How To Reduce Agency Problem Pdf

Have you ever heard the term ‘agency problem’ before? If not, don’t fret! Today, I’ll be introducing you to this complex concept that is often discussed in the world of finance and corporate governance.

The Definition of Agency Problem

First and foremost, let’s begin with the definition of agency problem. In layman's terms, it refers to the conflict that arises when there is a divergence of interest between the owner and agent of an organization. Simply put, the person or group of people that own a company (shareholders) may have different objectives than the people who are running it (managers).

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This can lead to serious issues as managers may prioritize their own personal gain over the interests of shareholders. This misalignment of incentives can result in significant financial losses and undermined shareholder trust.

Examples of Agency Problems

An excellent example of agency problem is the principal-agent problem. Let’s say you are the owner of a small tech company and you hire a manager to oversee the day-to-day operations. This manager is the agent in this situation, and you are the principal.

While you want your company to make a profit and increase in value, your manager may be more interested in receiving a high salary or maximizing the company’s growth regardless of profitability.

Another example of agency problem can be seen in shareholder activism. Shareholders who feel that management is not acting in their best interests have the right to confront the board. For instance, a shareholder may demand that the company uses its cash reserves to pay a dividend instead of investing it in new projects.

The Top Three Types of Agency Problem

Now that you have a good understanding of what agency problem is and some of the examples, let’s take a closer look at the three types of agency problem.

1. Management Entrenchment

The first type of agency problem is management entrenchment. This occurs when managers aim to maintain their positions within the company by making it more difficult for shareholders to replace them.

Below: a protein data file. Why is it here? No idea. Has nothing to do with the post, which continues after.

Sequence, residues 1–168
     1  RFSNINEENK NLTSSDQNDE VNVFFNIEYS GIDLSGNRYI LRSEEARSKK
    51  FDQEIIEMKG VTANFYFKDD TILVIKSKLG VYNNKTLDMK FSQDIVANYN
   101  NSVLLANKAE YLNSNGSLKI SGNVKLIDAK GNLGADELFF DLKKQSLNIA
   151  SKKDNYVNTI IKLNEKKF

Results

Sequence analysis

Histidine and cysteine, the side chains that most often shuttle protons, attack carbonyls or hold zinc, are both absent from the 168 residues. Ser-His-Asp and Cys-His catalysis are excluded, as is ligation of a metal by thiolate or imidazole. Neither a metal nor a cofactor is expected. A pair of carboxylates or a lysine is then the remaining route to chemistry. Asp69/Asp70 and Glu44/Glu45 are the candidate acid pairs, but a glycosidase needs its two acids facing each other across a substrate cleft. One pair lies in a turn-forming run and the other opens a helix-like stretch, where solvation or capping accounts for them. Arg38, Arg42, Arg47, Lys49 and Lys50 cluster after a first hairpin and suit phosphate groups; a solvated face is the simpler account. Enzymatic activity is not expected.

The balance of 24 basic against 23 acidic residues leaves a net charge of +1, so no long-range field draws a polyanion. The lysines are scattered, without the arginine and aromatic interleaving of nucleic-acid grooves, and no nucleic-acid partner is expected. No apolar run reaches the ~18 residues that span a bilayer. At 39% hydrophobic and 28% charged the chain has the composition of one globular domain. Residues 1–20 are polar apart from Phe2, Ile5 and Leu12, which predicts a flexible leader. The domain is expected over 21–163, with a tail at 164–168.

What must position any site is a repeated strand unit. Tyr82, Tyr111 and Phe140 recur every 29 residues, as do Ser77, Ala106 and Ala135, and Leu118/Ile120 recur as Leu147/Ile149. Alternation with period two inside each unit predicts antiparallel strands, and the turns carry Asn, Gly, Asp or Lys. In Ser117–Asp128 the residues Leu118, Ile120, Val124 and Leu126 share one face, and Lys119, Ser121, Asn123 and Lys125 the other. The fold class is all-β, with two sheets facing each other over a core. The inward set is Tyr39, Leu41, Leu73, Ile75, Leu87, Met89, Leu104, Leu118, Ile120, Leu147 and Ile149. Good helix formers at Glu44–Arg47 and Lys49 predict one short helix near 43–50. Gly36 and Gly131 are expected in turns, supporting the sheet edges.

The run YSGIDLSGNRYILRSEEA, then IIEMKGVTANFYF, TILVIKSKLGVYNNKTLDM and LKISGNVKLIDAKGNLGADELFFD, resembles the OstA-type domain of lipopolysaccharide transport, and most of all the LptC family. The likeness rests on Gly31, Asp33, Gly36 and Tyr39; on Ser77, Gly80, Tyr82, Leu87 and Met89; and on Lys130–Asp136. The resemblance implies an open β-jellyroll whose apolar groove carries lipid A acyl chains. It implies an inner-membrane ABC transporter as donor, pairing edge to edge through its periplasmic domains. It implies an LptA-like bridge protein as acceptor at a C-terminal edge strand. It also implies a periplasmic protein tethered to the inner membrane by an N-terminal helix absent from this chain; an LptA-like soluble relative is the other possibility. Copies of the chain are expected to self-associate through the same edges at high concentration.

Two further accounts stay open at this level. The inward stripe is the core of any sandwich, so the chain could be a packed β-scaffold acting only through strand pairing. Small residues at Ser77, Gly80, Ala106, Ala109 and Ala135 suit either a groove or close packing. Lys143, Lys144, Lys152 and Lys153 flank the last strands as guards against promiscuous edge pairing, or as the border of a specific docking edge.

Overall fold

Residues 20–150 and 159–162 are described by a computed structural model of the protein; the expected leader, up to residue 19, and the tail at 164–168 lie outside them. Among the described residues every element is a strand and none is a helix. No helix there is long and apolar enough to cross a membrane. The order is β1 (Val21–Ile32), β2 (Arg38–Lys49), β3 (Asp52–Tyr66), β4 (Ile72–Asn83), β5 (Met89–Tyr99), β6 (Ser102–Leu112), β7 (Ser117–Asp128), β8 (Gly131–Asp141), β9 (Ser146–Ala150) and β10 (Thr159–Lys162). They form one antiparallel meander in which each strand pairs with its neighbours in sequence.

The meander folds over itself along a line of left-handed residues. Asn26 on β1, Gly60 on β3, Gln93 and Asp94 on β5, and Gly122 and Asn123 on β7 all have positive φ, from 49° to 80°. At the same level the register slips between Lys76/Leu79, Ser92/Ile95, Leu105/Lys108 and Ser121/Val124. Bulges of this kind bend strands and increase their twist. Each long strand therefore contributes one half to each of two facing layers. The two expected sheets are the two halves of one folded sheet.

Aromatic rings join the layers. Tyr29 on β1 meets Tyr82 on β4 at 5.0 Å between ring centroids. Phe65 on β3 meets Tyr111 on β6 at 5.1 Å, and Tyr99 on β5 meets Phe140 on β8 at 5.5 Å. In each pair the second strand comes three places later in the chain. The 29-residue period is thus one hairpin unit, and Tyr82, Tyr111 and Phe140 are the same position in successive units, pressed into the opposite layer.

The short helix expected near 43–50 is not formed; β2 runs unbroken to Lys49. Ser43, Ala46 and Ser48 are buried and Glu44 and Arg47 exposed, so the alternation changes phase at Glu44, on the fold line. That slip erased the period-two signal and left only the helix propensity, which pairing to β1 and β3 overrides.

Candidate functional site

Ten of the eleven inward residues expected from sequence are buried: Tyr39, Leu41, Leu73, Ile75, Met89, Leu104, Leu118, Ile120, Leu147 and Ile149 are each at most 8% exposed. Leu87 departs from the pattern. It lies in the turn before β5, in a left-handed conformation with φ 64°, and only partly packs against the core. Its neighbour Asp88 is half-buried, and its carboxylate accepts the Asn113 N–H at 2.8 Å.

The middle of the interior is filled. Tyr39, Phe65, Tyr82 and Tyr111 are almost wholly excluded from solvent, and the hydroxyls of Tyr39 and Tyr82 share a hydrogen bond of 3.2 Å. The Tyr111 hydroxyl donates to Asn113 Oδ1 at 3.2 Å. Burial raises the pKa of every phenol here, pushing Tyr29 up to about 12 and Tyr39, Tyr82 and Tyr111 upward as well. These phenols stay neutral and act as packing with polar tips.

This type of agency problem can take many forms such as setting high compensation levels, developing relationships with board members, or limiting shareholder access to information.

2. Excessive Risk-Taking

The second type of agency problem is excessive risk-taking. Managers may take on more risks than necessary to increase the value of the firm in the short term, for example, by acquiring companies or investing in volatile stock options.

While this may seem like a good strategy, it exposes the company to greater dangers and increases the likelihood of poor performance.

3. Conflict of Interest

The third type of agency problem is the conflict of interest. Managers may place their interests above those of the company and shareholders. For instance, they may engage in insider trading or engage in a self-serving deal.

How to Mitigate Agency Problem

Now that you know everything about agency problem, what can you do about it? The key lies in corporate governance mechanisms that ensure managers act in the best interests of shareholders.

There are several ways to do this, for example, by separating the roles of CEO and the board chair or by implementing compensation plans that are tied to the company’s performance.

Other methods include creating a robust audit committee, encouraging shareholder activism, and ensuring transparency in financial reporting.


So there you have it – everything you need to know about agency problem. I hope this article has helped you understand this complex concept and its many implications.

Remember, corporate governance is essential in ensuring that managers act in the best interests of shareholders. Without it, agency problem can lead to significant financial losses and undermine the trust of shareholders.

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